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Flag carried by Japanese soldier killed during World War II returning to his family

16 Comments
By KEN MILLER

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16 Comments
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Good to hear a positive outcome for one of these flags.

The majority of these well-meaning returns do not go as hoped or planned. Even if a family can be located, many simply wish to leave the past alone.

8 ( +10 / -2 )

Better to fix the error in the title if the flag has been handed over?

-5 ( +2 / -7 )

I thought the aircraft carrier USS Lexington went down in the battle of Coral Sea in 1942.

2 ( +5 / -3 )

An Essex-class carrier, LEXINGTON (CV-16) was originally named the USS CABOT. During World War II, final construction was being completed at Massachusetts’ Fore River Shipyard when word was received that the original carrier named USS LEXINGTON, CV-2, had been sunk in the Coral Sea. The new carrier’s name was changed to LEXINGTON.

5 ( +8 / -3 )

This is a painful reminder that wars happen for the glory of the victors, and eternal agony for the losers.

-24 ( +1 / -25 )

This is a painful reminder that wars happen for the glory of the victors, and eternal agony for the losers.

What’s that supposed to mean?

19 ( +20 / -1 )

SeigiToday  09:31 am JST

This is a painful reminder that wars happen for the glory of the victors, and eternal agony for the losers.

A good reason not to start a war in the first place. Does eternal agony also include the millions who were killed by the Japanese military.

-12 ( +15 / -27 )

Respect for the Japanese soldier and his family..

7 ( +13 / -6 )

It would be food to remember that the common soldier, sailor, Marine and airman who dies in battle are almost always only concerned about their mates on their left and their right. The political reason for them being there is almost never their concern. Only survival and protecting your mates.

The philosophical arguments against war have no meaning to those that actually fight and die.

Rest in peace, sir. Your spirit will soon be home with family.

12 ( +12 / -0 )

MilesTeg

In other words, the United States could have avoided a war with Japan in the first place, but it didn't. I didn't even think in the slightest that Japan could win.

In other words, if it's your way of saying it, is it okay to say that America is bad?

Japan started the war, but the White House wanted it.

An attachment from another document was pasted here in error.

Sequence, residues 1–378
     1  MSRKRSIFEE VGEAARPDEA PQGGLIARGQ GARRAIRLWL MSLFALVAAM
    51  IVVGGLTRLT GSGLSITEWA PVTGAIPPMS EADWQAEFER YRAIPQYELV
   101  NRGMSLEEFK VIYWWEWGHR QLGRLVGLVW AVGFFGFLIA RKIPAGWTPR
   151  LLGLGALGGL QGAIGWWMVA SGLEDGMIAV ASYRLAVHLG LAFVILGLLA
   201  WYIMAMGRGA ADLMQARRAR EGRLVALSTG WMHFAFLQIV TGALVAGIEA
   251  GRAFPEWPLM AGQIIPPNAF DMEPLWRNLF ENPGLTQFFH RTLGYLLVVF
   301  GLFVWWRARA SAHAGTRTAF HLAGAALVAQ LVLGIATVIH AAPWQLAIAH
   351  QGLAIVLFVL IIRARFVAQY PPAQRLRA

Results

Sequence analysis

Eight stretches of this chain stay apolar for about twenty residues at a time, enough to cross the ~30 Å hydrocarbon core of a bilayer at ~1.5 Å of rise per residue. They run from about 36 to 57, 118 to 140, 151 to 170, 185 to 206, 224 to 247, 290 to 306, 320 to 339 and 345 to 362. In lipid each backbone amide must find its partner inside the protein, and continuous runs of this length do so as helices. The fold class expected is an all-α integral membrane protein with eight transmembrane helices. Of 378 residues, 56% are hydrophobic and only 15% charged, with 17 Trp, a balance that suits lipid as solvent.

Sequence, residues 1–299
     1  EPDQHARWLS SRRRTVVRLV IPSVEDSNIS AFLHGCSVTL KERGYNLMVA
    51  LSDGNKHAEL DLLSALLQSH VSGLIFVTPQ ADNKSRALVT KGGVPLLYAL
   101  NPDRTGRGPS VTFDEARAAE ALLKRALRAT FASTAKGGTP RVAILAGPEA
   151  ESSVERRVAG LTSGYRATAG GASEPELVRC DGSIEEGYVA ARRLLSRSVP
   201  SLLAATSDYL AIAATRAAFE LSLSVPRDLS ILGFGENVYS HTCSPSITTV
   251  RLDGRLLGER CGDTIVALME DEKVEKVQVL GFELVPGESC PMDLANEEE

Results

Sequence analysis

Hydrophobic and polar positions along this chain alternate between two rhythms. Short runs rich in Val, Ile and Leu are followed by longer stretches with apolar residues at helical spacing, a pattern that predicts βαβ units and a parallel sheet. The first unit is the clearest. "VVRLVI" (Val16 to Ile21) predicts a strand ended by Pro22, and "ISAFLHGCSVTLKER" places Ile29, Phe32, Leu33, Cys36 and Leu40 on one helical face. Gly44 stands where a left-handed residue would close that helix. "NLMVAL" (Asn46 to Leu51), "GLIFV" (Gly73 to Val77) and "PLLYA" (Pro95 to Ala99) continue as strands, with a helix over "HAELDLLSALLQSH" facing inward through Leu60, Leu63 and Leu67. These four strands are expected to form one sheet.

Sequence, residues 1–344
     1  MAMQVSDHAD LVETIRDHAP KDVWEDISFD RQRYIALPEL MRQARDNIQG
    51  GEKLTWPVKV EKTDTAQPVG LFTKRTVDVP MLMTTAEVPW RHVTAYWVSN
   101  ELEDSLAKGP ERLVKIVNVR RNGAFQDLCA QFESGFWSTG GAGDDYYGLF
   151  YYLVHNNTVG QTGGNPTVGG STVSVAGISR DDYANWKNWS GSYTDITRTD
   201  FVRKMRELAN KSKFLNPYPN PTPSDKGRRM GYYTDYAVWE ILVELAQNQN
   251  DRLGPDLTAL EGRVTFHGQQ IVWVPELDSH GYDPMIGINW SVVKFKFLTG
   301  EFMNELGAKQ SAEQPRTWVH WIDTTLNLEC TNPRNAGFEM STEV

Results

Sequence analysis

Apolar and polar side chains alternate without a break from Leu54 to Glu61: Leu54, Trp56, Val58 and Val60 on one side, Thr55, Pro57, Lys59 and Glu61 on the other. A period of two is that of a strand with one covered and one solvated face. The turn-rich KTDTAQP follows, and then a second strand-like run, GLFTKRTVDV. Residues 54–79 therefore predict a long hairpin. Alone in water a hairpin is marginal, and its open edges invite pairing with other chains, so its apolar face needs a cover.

Can anyone answer where the justice lies?

-4 ( +0 / -4 )

@Agent_Neo

So you’re saying the US could’ve avoided war if they didn’t react to Japan’s surprise attack on Pearl Harbour. LOL!

Yet you’re completely avoiding the fact that Japan had already started a war in Asia by invading and attacking Asian nations before Pearl Harbour. Was that the US’ fault too.

0 ( +3 / -3 )

This is a painfull reminder rhat wars happen for the glory of the victors and eternal agony for the losers.

In war every body lose.

Its just some one lose more than other.

3 ( +3 / -0 )

If the number of flags returned alone is "500," I'm wondering how many flags were actually stolen from the dead bodies..

Though it's unimaginable mental conditions in the battle field, It's a disgusting habit that taking off clothes, groping dead body and returning something home and they actually exhibit it...gross

1 ( +1 / -0 )

I thought the aircraft carrier USS Lexington went down in the battle of Coral Sea in 1942.

The Lexington that sank at Coral Sea was CV-2, built on the hull of an incomplete battlecruiser of the same name and commissioned in 1927. Her sister was USS Saratoga CV-3. The USS Lexington that the article refers to is CV-16, an Essex class carrier launched in September 1942 and commissioned in February 1943. The hull was originally to be named USS Cabot but was renamed before her launch to memorialize the recently sunk Lexington CV-2.

USS Yorktown CV-5 was likewise memorialized soon after her sinking at the Battle of Midway in June 1942 by re-naming the incomplete second ship of the Essex Class, CV-10 from USS Bonhomme Richard to USS Yorktown with the sunken Yorktown's skipper taking command of the new Yorktown based on his exemplary performance at both Coral Sea and at Midway.

0 ( +1 / -1 )

Btw, just as the old USS Lexington CV-16 serves as a museum ship in Corpus Christie, her sisters in the Essex Class USS Yorktown, USS Hornet and USS Intrepid all serve as museum ships around the US.

0 ( +1 / -1 )

The focus should be on the solider and his family for in war the soldier is simply one of the tools used by it's military, following orders and sometimes dying while doing so, this does not necessarily make the solider evil or less deserving of respect for his/her service no matter the side. There are may stories of good soldiers on both sides that acted with chivalry while they were still at war with each other and many more stories after the war of forgiveness.

0 ( +0 / -0 )

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